The first section, divided into five books, covers plane and spherical trigonometry. In the first book he introduced the main definitions and theorems of plane and spherical trigonometry. In the second book he defined the six trigonometric functions, gave results concerning which properties of a triangle must be known in order to solve it using these trigonometric functions, and also gave techniques to construct tables of the functions. For example he shows how to construct sine tables based on a knowledge of the values of sin 45°, sin 30°, and sin 18°. The third of the five books is devoted to plane trigonometry and it consists of six fundamental theorems. Perhaps we should note that Pitiscus actually calls these 'axioms' rather than 'theorems' but they are theorems in the usual sense given with proofs. The fourth book consists of four fundamental theorems on spherical trigonometry, while the fifth book proves a number of propositions on the trigonometric functions.

The second section of the 1600 work consists of tables for all six trigonometric functions. This section has the title Canon triangulorum sive tabulae sinuum, tangentium et secantium ad partes radii 100000 (A canon of triangles: or, the tables, of sines, tangents, and secants, the radius assumed to be 100000). The tables give the values to five or six decimal places. The third section of the work contains ten books discussing [1]:-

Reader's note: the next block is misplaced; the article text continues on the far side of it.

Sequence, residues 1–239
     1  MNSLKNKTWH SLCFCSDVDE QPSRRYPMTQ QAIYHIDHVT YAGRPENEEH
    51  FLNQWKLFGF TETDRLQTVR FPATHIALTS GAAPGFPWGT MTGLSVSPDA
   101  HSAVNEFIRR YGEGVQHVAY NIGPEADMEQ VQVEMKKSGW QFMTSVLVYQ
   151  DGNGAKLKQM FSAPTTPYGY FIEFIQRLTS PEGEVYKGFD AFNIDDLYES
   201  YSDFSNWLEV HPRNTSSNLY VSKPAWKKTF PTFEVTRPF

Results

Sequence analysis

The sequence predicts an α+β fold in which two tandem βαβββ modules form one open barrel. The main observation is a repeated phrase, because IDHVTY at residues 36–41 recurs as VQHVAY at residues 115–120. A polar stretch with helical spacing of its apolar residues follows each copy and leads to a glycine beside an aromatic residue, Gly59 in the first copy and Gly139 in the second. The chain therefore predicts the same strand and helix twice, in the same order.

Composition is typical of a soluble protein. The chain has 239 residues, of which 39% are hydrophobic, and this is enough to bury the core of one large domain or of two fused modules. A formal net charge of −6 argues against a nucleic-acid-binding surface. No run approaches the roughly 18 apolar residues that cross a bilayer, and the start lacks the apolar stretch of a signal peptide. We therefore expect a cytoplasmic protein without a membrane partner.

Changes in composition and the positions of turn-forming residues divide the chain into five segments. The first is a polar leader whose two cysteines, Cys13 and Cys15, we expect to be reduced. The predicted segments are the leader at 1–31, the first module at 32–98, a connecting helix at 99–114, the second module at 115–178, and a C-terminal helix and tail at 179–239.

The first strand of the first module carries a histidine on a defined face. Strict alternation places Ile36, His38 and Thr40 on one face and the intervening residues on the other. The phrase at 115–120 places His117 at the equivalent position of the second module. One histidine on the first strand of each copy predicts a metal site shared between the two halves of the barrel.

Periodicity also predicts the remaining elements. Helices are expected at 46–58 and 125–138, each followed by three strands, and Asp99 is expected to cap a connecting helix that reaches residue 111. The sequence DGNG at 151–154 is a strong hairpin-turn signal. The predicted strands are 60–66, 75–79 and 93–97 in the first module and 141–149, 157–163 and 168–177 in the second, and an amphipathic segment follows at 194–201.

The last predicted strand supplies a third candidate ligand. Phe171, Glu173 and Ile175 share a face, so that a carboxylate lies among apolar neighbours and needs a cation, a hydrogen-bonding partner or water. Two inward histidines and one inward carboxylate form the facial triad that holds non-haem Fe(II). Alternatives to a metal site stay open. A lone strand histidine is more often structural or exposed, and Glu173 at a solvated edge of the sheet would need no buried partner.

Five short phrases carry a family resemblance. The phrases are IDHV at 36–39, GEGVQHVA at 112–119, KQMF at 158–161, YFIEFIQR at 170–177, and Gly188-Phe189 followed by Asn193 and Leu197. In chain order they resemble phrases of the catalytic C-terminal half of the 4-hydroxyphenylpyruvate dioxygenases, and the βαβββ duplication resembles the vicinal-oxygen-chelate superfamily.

... problems of geodesy, measuring of heights, geography, gnomometry, and astronomy.

It was translated into English by Ralph Handson and published in 1614, and into French in 1619. A second edition of the English publication appeared in 1630, with a third edition in 1642. This edition is described as follows:-

Trigonometry: or, the doctrine of triangles. First written in Latin, by Bartholomew Pitiscus of Grunberg in Silesia, and now translated into English by Ralph Handson. Whereunto is added (for the mariners use) certain nautical questions, together with the finding of the variation of the compass. All performed arithmetically, without map, sphere, globe, or astrolabe, by the said Ralph Handson, London ... [Bound with, as issued:] A canon of triangles: or, the tables, of sines, tangents, and secants, the radius assumed to be 100000.